Performance Management in a Tough Hiring Environment
It’s no secret that business is tough right now. You’ve heard the news: companies are cutting back on spending, which means less hiring and likely stagnant or reduced budgets. Although this can be challenging for you as a manager, it doesn’t mean that managing performance is impossible. The same basic principles still apply, even if it is a bit scary to let someone go, knowing it will hard to replace them. It just means you have to get creative and make sure your employees know what’s expected of them—and how they will be rewarded for meeting those expectations—even if you don’t have any open positions available for growth or promotion opportunities right now.
Avoiding letting a poor performer go, due to risk of getting replacements, will hurt the business down the line.
Give employees feedback on performance issues promptly and regularly.
Feedback is the key to performance management. When you give employees feedback on their performance, they need to know what it is that you want them to improve on and how they can do so. Feedback should always be given in person and should be specific about the problem at hand, while also focusing on what improvements can be made. When giving positive feedback, make sure to focus on behaviors or results rather than personality traits. Finally, follow up by setting a timeline for when you will meet again and discuss any further changes needed in order to continue improving your employee’s performance level.
Reward those who are performing well; do not ignore them.
To help those who are performing well, recognize the good work they are doing. You can do this in a number of ways:
- Give them a raise or bonus. If you have the budget for it, you should consider rewarding your team members’ excellent performance with extra compensation.
- Give them a promotion. You may also want to consider promoting some of your top performers so that they advance further into the organization and continue to grow as leaders within the company’s culture—and even potentially move on to become leaders outside of it!
- Give them more responsibility. By adding new responsibilities to their current role, you allow these individuals an opportunity to learn new skills while continuing their upward trajectory toward greater influence at work and recognition by senior management (which is certainly something everyone wants).
Explain that things need to change or there is no other alternative but for them to leave.
- Explain the situation. It’s important that you are honest with your employees, especially when they are likely to be upset. Be clear about why you feel they need to leave, and how this will affect them, including their reputation within the company and industry, their ability to find similar work elsewhere, and their reputation in general.
- Explain options for leaving. Employees often feel like there is no alternative but for them to quit when a job ends abruptly without warning or preparation time; however this is not always true! Sometimes there is still time left on an employee’s contract (especially if it was only signed recently), which means that even if they aren’t happy with the decision made by your organization regarding tenure length/work schedule flexibility etc., there may still be other options available for them instead of leaving immediately without any warning whatsoever which could come across as unprofessional or mean-spirited towards fellow coworkers who had nothing at all do with making these decisions themselves even though everyone knows how hard those relationships were built over years together–not just months or weeks before being terminated suddenly without notice!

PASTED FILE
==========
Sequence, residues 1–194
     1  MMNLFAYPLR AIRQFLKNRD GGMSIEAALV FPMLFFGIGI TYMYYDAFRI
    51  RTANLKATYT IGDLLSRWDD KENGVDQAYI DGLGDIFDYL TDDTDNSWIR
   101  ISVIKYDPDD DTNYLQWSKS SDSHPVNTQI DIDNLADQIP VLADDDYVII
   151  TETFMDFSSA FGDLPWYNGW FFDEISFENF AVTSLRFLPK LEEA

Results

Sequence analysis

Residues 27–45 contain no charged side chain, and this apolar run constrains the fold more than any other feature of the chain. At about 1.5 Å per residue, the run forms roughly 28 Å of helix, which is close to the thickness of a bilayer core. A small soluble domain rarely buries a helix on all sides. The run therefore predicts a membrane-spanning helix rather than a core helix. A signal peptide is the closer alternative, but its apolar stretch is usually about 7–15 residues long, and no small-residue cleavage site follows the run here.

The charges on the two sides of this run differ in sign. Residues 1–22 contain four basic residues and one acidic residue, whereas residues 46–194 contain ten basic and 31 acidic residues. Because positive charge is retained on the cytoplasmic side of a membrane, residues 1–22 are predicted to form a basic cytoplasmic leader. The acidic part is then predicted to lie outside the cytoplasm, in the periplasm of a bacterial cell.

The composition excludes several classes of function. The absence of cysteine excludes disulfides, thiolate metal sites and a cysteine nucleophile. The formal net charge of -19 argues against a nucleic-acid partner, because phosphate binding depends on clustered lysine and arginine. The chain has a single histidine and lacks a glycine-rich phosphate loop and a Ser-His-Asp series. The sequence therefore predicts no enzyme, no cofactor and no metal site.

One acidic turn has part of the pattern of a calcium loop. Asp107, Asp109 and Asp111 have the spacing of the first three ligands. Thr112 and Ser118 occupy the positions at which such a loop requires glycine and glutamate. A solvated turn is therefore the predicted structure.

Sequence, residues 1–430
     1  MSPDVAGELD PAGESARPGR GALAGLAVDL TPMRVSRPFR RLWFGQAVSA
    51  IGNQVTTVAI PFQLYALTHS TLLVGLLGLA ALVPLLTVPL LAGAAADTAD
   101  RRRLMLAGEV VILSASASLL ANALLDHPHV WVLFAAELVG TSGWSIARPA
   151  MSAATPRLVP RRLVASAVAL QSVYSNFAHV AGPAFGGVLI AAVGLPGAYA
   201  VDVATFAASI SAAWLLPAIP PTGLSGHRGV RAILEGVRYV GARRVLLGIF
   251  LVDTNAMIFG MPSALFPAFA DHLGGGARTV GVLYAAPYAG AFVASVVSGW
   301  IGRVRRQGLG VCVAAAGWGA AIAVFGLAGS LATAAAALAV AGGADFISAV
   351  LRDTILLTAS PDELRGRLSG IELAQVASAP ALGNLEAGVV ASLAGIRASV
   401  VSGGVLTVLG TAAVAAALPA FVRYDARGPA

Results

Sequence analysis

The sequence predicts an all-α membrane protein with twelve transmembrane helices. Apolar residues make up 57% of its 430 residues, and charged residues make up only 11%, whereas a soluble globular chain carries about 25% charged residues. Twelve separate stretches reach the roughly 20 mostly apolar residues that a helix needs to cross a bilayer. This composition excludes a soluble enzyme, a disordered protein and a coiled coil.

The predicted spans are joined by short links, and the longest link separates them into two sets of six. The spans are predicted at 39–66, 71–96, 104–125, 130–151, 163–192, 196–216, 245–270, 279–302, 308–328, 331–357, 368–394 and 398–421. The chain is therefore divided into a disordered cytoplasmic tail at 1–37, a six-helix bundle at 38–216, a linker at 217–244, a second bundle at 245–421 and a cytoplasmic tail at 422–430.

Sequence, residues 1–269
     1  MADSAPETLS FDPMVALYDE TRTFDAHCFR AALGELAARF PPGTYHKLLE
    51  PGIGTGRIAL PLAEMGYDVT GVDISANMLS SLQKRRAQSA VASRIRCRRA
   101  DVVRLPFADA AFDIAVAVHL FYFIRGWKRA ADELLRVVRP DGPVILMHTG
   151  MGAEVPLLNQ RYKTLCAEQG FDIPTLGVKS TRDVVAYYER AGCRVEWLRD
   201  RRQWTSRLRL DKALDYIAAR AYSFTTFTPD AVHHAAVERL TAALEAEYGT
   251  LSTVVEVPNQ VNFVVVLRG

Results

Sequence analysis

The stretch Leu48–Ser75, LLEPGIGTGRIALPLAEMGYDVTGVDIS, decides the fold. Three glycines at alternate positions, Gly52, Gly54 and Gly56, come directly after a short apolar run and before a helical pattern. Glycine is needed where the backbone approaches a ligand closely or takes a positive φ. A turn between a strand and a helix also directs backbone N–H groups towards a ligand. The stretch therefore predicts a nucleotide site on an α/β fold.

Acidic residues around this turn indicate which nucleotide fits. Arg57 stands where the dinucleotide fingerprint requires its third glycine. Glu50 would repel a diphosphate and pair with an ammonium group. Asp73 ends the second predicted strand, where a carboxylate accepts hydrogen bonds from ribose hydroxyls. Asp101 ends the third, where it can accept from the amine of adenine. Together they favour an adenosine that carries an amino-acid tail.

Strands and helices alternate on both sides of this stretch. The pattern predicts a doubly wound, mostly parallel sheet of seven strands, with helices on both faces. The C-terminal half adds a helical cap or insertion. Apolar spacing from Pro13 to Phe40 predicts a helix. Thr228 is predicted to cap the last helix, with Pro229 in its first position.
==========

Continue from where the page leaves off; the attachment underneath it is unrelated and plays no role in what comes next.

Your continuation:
- Discuss what will happen next step wise so everyone knows what’s going through mind moving forward so everyone feels safe moving forward towards next steps knowing where each person stands within company structure right now.
You can still manage performance even if you are unable to hire for open positions.
- Don’t wait to deal with performance issues: You should not avoid dealing with performance issues. Be proactive and proactively address them as soon as possible.
- Don’t be afraid to terminate an employee: It is important that you do not feel afraid about terminating an employee who is not performing well in any case, no matter what the situation is or what the circumstances may be at that time. If this person isn’t working out for your company, then it would be a good idea for him/her to leave on his own accord rather than waiting for things get worse before ending up getting fired later down the road due t o some serious issue(s).
You may not be able to hire for all of your open positions, but you can still manage performance. Employees are more likely to stay on board if they feel like they have a voice and that their opinions matter—even if they don’t get everything they want in return.